The British used a Colonial Law called “Sedition” to silence Mahatma Gandhi and Bal Gangadhar Tilak. Were they anti-national?
If questioning the government can land you in prison or charge you with a hearty fine then what is the difference between a democracy and autocracy?
You need to understand that Sedition (Rajdroh) should not be confused with Treason (Deshdroh). There is a clear distinction between the two and must not be used interchangeably.
Sedition as defined in the Indian Penal Code – “Whoever, by words, either spoken or written, or by signs, or by visible representation, or otherwise, brings or attempts to bring into hatred or contempt, or excites or attempts to excite disaffection towards, the government established by law in India, shall be punished with imprisonment which may extend to three years, to which a fine may be added; or, with fine.”
Treason as defined in the Indian Penal Code – is the crime of betraying a nation or a sovereign by acts considered dangerous to its security. Treason and treasonable activities include waging war against the Government, assaulting the head of the state, spying on its military, its diplomats, or its secret services for a hostile and foreign power.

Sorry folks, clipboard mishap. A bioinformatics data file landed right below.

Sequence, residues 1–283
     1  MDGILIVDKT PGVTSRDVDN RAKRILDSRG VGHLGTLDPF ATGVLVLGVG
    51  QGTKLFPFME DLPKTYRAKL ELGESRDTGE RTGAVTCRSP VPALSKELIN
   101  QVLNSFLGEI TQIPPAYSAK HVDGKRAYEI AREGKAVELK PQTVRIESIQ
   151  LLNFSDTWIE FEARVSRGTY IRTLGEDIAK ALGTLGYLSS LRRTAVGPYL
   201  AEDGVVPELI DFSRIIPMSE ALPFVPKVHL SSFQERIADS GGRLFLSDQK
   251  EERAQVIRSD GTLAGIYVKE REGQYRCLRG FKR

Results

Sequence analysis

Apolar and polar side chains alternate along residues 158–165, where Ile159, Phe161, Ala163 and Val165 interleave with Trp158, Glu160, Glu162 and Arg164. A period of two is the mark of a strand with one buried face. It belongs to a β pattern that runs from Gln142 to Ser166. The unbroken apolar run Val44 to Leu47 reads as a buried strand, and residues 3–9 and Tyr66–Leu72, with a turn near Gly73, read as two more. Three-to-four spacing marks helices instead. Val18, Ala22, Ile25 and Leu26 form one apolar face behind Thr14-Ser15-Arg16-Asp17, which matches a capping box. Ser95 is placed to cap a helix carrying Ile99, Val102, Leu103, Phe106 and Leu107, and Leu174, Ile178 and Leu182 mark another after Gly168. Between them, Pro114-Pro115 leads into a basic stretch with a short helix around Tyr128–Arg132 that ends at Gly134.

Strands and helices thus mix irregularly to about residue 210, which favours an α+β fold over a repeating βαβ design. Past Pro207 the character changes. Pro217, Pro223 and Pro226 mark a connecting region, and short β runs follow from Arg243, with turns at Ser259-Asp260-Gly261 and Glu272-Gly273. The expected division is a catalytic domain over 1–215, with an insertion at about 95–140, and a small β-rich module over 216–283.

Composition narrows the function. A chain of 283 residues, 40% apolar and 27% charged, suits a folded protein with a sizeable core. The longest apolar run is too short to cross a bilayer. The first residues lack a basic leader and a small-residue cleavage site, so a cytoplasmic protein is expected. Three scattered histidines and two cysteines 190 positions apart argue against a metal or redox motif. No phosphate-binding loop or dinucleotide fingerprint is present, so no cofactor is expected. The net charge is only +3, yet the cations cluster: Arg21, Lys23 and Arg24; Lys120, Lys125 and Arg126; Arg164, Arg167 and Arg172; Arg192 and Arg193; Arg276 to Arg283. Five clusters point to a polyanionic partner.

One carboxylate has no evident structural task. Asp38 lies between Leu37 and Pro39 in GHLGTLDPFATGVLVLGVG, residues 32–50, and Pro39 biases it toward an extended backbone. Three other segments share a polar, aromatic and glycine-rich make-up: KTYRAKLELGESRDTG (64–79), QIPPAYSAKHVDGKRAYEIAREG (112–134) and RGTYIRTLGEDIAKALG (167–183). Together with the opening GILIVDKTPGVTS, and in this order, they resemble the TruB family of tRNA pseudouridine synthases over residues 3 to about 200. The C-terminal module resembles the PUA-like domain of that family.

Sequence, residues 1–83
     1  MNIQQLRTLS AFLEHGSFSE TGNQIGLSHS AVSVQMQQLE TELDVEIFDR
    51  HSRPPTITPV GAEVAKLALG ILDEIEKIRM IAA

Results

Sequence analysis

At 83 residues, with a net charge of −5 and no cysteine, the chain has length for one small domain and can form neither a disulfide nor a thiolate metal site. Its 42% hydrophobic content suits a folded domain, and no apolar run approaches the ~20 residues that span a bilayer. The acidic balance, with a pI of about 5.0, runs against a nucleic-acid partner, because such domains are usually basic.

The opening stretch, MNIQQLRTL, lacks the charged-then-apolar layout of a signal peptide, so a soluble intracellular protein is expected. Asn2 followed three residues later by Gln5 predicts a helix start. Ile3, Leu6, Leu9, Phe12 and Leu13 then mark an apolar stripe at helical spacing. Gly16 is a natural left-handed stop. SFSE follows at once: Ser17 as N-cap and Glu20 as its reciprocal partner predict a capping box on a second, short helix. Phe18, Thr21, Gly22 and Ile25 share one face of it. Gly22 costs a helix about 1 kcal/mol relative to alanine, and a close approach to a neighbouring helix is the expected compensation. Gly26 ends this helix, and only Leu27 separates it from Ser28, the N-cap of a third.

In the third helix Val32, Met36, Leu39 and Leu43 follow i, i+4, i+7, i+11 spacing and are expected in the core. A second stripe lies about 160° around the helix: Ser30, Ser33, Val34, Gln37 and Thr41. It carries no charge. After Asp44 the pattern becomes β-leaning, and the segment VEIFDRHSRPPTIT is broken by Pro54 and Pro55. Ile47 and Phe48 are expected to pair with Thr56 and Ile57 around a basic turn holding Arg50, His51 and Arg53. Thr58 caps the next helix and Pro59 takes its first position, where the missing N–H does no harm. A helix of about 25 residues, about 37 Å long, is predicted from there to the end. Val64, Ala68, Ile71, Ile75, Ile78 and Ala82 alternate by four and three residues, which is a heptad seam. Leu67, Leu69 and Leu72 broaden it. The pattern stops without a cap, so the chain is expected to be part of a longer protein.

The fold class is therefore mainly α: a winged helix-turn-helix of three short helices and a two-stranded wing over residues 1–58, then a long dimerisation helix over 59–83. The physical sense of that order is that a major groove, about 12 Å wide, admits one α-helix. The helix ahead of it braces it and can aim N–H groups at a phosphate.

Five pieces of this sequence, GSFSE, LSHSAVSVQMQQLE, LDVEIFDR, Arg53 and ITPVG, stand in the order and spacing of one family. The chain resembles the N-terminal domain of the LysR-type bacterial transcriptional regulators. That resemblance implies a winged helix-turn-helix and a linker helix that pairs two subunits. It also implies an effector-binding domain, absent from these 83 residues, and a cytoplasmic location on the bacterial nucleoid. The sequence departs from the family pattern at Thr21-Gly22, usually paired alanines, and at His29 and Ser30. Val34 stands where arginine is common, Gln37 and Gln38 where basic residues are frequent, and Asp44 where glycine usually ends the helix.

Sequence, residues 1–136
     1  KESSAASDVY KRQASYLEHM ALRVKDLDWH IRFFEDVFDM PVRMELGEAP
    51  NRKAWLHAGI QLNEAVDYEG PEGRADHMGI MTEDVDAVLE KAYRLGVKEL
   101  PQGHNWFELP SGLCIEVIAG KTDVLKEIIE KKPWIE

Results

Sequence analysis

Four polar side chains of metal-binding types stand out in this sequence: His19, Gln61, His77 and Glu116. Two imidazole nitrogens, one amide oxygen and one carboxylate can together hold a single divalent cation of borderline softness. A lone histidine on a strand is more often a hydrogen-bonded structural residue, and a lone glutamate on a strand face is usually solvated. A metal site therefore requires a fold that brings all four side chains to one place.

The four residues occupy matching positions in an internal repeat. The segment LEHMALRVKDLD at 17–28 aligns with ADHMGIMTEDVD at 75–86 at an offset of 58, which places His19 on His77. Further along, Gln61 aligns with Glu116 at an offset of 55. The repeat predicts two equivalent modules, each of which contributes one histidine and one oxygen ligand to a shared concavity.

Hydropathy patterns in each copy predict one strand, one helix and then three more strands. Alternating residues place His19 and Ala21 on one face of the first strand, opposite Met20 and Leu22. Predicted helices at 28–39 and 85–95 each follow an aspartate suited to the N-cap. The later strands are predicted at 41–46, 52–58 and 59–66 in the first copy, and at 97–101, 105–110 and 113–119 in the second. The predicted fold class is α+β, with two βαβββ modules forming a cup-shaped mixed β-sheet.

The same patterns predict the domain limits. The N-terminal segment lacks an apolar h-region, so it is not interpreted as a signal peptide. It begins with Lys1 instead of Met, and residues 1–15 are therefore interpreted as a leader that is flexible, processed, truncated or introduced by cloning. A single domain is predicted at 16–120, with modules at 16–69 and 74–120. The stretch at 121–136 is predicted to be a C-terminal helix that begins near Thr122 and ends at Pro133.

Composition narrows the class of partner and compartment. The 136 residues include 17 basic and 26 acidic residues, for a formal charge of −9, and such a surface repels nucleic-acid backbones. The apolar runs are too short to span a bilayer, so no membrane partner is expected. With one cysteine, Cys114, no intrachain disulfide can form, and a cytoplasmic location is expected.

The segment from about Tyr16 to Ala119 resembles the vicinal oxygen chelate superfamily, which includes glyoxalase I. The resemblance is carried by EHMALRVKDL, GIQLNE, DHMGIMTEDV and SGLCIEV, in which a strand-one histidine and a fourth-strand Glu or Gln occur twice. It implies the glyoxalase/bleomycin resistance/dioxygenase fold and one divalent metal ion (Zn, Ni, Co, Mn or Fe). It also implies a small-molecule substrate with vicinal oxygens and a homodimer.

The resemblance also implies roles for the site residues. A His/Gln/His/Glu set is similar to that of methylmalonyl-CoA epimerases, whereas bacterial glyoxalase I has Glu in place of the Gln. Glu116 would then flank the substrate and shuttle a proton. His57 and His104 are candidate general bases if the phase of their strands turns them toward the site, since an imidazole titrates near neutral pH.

The broad definition of treason as described under the Indian Penal Code depends on the crime committed under different acts mentioned in the Code. This includes :-
- Chapters 5,6 and 7 of the Indian Penal Code
- The Foregin Recruiting Act, 1874.
- The Official Secrets Act, 1923.
- The Criminal Law Amendment Act, 1938.
- The Criminal Law Amendment Act, 1961.
- The Unlawful Activities (Prevention) Act, 1967.
If you are not convinced with the separate definition of the two laws as defined in the Indian Penal Code under the ambit of which it is being used to serve different motives than answer one simple question – should a child be punished for questioning his teacher (sedition) or should he be punished for misbehaving with the teacher(treason)?
Mahatma Gandhi described Sedition as the “prince among the political sections of the Indian Penal Code designed to suppress the liberty of the citizen.”
A law enacted by the British in 1870 to suppress nationalist voices does not hold its relevance today. If you think it does then there is no difference between A Dictator and A Democratically elected leaders of any political party.